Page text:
The Path to Equality


‘No Escape: Caste Discrimination in the UK’ is published featuring several case studies with clear evidence of caste discrimination in the UK.


DSN-UK and Castewatch UK assisted by Dr Annapurna Waughray make a legal submission to the Discrimination Law Review set up to scrutinize equalities and discrimination legislation due to be harmonized into a Single Equalities Bill. We urged them to ensure legislative protection against caste discrimination.


A petition was presented to No.10 after it received over 30,000 signatories on


Further evidence of caste discrimination in the UK is published in the ACDA report ‘Hidden Apartheid: Voice of the Community’.


An historic meeting takes place in the House of Lords – over 100 people take part to urge the then Labour Government to include caste in their flagship Equality Act.

The Equality Act receives Royal Assent with an order-making power that should evidence come to the light of caste discrimination in the UK, the Minister may amend Section 9(5)(a) ‘so as to provide for caste to be an aspect of race’.

The All-Party Parliamentary Group for Dalits was constituted with the aim to draw attention to the discrimination against Dalits wherever it occurs and support efforts to eliminate it.

The Government-commissioned research undertaken by the National Institute on Economic and Social Research (NIESR) is published with a clear recommendation that ‘Anti-discrimination legislation would provide access to redress for victims. It would also prompt employers, educators and providers of goods and services to develop non-discrimination and anti-harassment policies.’


Coalition Government ignores the findings of NIESR and stalls activation of the legislation.

A shadow report for presentation at the United Nations Committee for the Elimination of Racial Discrimination which reviews the UK is prepared.


The government released a statement that it would not enforce legislative measures, but instead introduce an educational programme to address caste discrimination in the UK.


The first demonstration to protest about the Governments’ inaction on caste discrimination took place in March.

The second demonstration took place on 23 April. The same day the Government announced by its own amendment effected by section 97 of the Enterprise and Regulatory Reform Act 2013, the ability for caste to become an aspect of race. It then became an obligation for the Government to so legislate. The amendment was passed by both Houses of Parliament.

In July 2013 the government introduced a timetable that set out a series of steps, including a public consultation, intended to lead to the enactment of this caste legislation in the summer of 2015.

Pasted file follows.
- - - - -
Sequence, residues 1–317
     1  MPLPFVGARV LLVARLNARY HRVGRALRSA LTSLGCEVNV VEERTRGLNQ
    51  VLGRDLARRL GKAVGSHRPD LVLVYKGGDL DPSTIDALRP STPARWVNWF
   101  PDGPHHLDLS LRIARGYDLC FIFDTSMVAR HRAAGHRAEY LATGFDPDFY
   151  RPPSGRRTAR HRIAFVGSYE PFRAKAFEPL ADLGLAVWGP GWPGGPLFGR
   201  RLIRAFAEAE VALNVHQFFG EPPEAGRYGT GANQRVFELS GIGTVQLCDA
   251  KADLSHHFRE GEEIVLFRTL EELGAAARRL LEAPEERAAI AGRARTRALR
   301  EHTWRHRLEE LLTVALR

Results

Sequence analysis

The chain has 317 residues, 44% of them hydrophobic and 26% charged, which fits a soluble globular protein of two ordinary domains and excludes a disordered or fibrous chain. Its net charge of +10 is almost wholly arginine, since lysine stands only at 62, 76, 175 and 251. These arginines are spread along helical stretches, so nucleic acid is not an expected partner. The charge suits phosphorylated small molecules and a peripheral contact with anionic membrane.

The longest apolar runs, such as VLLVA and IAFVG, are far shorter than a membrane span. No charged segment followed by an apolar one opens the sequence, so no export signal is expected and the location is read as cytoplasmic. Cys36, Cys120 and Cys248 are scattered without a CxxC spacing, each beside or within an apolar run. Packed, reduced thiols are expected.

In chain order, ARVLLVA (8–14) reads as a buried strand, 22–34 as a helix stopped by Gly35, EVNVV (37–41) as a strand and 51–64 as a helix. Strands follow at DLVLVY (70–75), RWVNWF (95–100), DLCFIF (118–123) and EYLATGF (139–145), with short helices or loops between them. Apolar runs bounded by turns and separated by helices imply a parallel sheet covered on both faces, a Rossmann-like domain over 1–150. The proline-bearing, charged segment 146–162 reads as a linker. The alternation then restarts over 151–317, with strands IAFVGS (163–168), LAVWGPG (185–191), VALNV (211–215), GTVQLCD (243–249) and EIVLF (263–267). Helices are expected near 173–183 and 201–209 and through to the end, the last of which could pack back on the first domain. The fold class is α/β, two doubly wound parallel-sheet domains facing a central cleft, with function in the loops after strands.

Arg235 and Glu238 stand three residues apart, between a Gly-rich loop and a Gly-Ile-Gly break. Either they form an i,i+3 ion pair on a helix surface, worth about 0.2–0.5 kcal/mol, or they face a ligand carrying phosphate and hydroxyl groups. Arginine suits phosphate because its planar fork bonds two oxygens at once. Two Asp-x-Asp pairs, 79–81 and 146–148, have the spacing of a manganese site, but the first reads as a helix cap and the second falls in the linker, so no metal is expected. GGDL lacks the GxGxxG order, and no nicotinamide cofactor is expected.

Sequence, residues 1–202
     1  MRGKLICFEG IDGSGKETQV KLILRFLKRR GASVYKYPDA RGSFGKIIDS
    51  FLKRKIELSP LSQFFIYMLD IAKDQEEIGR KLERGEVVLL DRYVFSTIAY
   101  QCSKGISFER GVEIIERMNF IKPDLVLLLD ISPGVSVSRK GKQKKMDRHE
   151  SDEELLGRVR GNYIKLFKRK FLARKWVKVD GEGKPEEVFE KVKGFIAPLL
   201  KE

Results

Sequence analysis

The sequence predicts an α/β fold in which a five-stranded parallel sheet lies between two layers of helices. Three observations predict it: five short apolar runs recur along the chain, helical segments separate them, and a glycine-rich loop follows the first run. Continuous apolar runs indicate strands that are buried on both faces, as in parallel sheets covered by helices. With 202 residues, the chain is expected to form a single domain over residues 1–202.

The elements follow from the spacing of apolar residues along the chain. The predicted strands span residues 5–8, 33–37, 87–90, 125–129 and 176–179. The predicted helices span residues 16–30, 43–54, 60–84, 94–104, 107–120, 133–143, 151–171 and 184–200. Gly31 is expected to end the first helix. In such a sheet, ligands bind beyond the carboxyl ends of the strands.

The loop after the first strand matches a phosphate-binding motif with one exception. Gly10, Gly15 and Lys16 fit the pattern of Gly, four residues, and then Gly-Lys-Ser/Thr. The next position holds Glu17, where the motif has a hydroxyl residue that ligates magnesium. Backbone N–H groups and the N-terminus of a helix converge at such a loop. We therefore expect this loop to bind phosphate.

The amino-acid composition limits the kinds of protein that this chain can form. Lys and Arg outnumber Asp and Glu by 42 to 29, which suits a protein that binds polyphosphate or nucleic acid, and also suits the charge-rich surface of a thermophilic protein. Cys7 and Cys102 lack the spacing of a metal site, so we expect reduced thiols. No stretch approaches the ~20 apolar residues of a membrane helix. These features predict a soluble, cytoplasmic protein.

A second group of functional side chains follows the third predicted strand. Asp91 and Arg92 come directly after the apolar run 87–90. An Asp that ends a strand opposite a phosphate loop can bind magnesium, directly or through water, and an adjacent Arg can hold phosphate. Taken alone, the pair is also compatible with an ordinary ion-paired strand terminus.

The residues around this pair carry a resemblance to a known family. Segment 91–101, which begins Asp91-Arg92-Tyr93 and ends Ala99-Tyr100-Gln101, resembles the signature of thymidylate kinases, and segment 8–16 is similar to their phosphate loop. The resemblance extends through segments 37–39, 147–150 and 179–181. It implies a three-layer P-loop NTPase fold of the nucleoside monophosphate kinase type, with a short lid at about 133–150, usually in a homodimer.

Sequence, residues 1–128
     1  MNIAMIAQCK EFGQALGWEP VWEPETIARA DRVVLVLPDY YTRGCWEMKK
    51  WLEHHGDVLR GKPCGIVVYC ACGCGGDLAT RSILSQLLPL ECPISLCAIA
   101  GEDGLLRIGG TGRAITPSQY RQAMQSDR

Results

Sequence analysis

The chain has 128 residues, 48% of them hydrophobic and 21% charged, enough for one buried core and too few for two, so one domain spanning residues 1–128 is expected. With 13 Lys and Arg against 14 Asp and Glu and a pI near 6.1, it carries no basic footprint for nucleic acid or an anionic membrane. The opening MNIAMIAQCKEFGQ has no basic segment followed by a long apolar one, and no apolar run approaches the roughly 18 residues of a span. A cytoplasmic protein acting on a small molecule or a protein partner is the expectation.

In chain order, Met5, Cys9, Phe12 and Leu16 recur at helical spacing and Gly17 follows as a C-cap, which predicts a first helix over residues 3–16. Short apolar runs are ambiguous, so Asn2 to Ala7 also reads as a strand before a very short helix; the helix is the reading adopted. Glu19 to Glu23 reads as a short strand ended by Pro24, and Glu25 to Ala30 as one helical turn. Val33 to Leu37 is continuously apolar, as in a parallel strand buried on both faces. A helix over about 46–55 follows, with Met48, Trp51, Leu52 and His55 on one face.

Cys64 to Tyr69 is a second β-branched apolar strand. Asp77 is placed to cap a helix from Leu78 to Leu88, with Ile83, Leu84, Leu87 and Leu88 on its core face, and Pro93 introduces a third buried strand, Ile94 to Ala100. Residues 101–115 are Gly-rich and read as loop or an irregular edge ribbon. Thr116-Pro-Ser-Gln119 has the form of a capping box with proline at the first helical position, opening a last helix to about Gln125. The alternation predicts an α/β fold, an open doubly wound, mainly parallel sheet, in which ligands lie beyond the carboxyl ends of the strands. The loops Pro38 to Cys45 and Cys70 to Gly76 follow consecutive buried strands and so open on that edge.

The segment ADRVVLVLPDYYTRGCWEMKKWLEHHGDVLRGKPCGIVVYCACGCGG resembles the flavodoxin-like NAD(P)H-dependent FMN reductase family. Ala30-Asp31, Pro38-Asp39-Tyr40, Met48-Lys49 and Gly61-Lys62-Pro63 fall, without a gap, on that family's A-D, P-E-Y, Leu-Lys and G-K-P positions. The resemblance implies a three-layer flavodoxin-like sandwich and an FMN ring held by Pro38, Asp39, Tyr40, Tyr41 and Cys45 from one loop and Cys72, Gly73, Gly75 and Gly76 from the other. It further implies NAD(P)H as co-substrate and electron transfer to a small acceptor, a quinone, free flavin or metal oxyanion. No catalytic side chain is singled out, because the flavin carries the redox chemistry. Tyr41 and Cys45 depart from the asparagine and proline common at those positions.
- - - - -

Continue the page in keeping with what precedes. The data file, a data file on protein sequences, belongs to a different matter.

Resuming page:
Equality and Human Rights Commission’s report on caste discrimination was published in spring, highlighting that:

although it has been ruled by the Employment Tribunal in one case that caste is already incorporated within the protected characteristic of race, the interpretative approach is at present not established. A lower court or tribunal decision is not binding precedent, consistency of outcome in future cases would not be guaranteed, and the principle will remain somewhat precarious. Even a binding precedent can be overturned until a decision is made at the Supreme Court’.

In Tirkey v. Chandhok (ET/3400174/13), 24 January 2014, the appeal tribunal noted that caste discrimination can constitute unlawful race discrimination in certain contexts and that caste should be an aspect of race, but that this will only be so if at least one of the factual circumstances that make a claimant describable as being of a particular caste falls within the scope of the existing definition of race.


During the General Election campaign the Liberal Democrats include specific reference to ensuring legal protection against caste discrimination in their manifesto pledge. The Labour Party includes it in a policy statement.

A leaflet in the run up to that same election appeared in a London constituency accusing the Labour candidate of branding British Hindus as casteists. It called on them to support the Conservatives. The publisher of the leaflet was reported to the Charity Commission.


DSN-UK instructed well-known solicitors Mishcon de Reya to write a pre-action letter to the Minister for Women and Equalities, Justine Greening MP, in advance of a Judicial Review to challenge the long delay to the Government timetable to implementation of the legislation.

Response from the Minister pledged to undertake the long awaited Public Consultation originally scheduled for 2014.


Public Consultation launched with a significant change to the goal posts – no longer asking ‘how’ the legislation to outlaw caste should be implemented, but ‘whether’ it should be implemented at all!


Six months after the deadline for submissions to the consultation, the Minister for Women and Equalities, Penny Mordaunt MP, announces the Government’s unprecedented decision to repeal the legislation it has yet to implement.


Government Equalities Office issues its draft Guidance to address caste-based discrimination for employers, employees and educational institutions. This has yet to be approved or implemented.